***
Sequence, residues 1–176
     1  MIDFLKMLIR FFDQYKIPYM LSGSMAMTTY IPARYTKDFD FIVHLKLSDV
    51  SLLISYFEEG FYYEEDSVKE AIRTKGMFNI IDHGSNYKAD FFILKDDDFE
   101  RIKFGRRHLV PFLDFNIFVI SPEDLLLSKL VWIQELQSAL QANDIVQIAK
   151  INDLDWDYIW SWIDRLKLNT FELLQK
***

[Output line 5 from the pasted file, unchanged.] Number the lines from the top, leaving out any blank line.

   151  INDLDWDYIW SWIDRLKLNT FELLQK